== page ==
Postpartum depression (PPD) is a devastating disorder affecting not only more than 10% of all women giving birth, but also the baby, the family, and the society. Compiling evidence suggests the involvement of the immune system in the pathophysiology of major depression; yet, the immune response in perinatal depression is not as well studied. The aim of this study was to investigate the alterations in peripheral levels of inflammatory biomarkers in 169 Swedish women with and without depressive symptoms according to the Edinburgh postnatal depression scale or the M.I.N.I neuropsychiatric interview at eight weeks postpartum. Among the 70 markers analyzed with multiplex proximity extension assay, five were significantly elevated in women with postpartum depressive symptoms in the adjusted LASSO logistic regression analysis: Tumor necrosis factor ligand superfamily member (TRANCE) (OR-per 1 SD increase = 1.20), Hepatocyte growth factor (HGF) (OR = 1.17) Interleukin (IL)-18 (OR = 1.06), Fibroblast growth factor 23 (FGF-23) (OR = 1.25), and C-X-C motif chemokine 1 (CXCL1) (OR 1.11). These results indicate that women with PPD have elevated levels of some inflammatory biomarkers. It is, therefore, plausible that PPD is associated with a compromised adaptability of the immune system.

Keywords
cytokines, immune system, inflammation, maternal depression, pregnancy, protein markers
National Category
Psychiatry Immunology in the medical area Psychology
Identifiers
urn:nbn:se:uu:diva-362471 (URN)10.1002/jnr.24312 (DOI)30252150 (PubMedID)
Funder
Swedish Research Council, 521-2013-2339Swedish Research Council, 523-2014-2342Marianne and Marcus Wallenberg Foundation, 2011-Skalkidou
Available from: 2018-10-05 Created: 2018-10-05 Last updated: 2018-12-10Bibliographically approved
Just, D., Manberg, A., Lindholm Carlström, E., Cunningham, J. & Nilsson, P. (2018). TOWARDS MOLECULAR INSIGHTS INTO PSYCHIATRIC DISORDERS USING AFFINITY PROTEOMICS. Paper presented at 6th Biennial Conference of the Schizophrenia-International-Research-Society (SIRS), APR 04-08, 2018, Florence, ITALY. Schizophrenia Bulletin, 44, S223-S223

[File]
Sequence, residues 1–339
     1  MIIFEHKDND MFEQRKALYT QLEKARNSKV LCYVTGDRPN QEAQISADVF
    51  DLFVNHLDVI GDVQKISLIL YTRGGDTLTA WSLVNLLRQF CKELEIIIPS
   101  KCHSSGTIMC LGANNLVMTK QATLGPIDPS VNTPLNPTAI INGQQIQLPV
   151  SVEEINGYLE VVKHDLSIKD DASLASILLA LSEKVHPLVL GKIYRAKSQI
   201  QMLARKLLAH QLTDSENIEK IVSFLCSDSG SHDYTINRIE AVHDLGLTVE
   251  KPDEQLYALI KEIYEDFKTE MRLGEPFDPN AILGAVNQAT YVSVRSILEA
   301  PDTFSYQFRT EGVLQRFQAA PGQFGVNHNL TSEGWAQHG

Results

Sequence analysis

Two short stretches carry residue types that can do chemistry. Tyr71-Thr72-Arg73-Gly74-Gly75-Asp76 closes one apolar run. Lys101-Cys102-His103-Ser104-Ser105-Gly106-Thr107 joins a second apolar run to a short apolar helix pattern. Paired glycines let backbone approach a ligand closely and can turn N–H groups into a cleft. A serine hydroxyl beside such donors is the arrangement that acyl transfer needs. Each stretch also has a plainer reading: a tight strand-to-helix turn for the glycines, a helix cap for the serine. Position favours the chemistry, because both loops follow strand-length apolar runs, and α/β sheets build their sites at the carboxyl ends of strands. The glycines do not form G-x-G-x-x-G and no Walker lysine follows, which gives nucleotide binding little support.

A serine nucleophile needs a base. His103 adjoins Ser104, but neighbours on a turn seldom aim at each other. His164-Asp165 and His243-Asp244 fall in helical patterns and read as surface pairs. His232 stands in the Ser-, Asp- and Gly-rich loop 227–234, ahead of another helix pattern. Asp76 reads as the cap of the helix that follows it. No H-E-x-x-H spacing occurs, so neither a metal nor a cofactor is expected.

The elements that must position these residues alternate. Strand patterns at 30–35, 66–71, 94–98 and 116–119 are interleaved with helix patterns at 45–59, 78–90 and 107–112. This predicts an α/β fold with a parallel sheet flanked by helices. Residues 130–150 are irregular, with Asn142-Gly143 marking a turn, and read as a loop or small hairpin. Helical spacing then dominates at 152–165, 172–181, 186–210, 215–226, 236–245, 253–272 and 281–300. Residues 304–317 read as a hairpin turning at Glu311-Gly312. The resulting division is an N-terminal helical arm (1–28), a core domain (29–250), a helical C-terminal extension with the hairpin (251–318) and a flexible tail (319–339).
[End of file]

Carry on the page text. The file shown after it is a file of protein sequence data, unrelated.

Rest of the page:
Open this publication in new window or tab >>TOWARDS MOLECULAR INSIGHTS INTO PSYCHIATRIC DISORDERS USING AFFINITY PROTEOMICS
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2018 (English)In: Schizophrenia Bulletin, ISSN 0586-7614, E-ISSN 1745-1701, Vol. 44, p. S223-S223Article in journal, Meeting abstract (Other academic) Published
Place, publisher, year, edition, pages
OXFORD UNIV PRESS, 2018
National Category
Psychiatry
Identifiers
urn:nbn:se:uu:diva-357174 (URN)000429541800539 ()
Conference
6th Biennial Conference of the Schizophrenia-International-Research-Society (SIRS), APR 04-08, 2018, Florence, ITALY
Available from: 2018-08-14 Created: 2018-08-14 Last updated: 2018-08-14Bibliographically approved
Dumanski, J. P., Rasi, C., Björklund, P., Davies, H., Ali, A. S., Grönberg, M., . . . Tiensuu Janson, E. (2017). A MUTYH germline mutation is associated with small intestinal neuroendocrine tumors. Endocrine-Related Cancer, 24(8), 427-443
Open this publication in new window or tab >>A MUTYH germline mutation is associated with small intestinal neuroendocrine tumors
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2017 (English)In: Endocrine-Related Cancer, ISSN 1351-0088, E-ISSN 1479-6821, Vol. 24, no 8, p. 427-443Article in journal (Refereed) Published
Abstract [en]

The genetics behind predisposition to small intestinal neuroendocrine tumors (SI-NETs) is largely unknown, but there is growing awareness of a familial form of the disease. We aimed to identify germline mutations involved in the carcinogenesis of SI-NETs. The strategy included next-generation sequencing of exome- and/or whole-genome of blood DNA, and in selected cases, tumor DNA, from 24 patients from 15 families with the history of SI-NETs. We identified seven candidate mutations in six genes that were further studied using 215 sporadic SI-NET patients. The result was compared with the frequency of the candidate mutations in three control cohorts with a total of 35,688 subjects. A heterozygous variant causing an amino acid substitution p.(Gly396Asp) in the MutY DNA glycosylase gene (MUTYH) was significantly enriched in SI-NET patients (minor allele frequencies 0.013 and 0.003 for patients and controls respectively) and resulted in odds ratio of 5.09 (95% confidence interval 1.56-14.74; P value = 0.0038). We also found a statistically significant difference in age at diagnosis between familial and sporadic SI-NETs. MUTYH is involved in the protection of DNA from mutations caused by oxidative stress. The inactivation of this gene leads to specific increase of G:C- > T:A transversions in DNA sequence and has been shown to cause various cancers in humans and experimental animals. Our results suggest that p.(Gly396Asp) in MUTYH, and potentially other mutations in additional members of the same DNA excision-repair pathway (such as the OGG1 gene) might be involved in driving the tumorigenesis leading to familial and sporadic SI-NETs.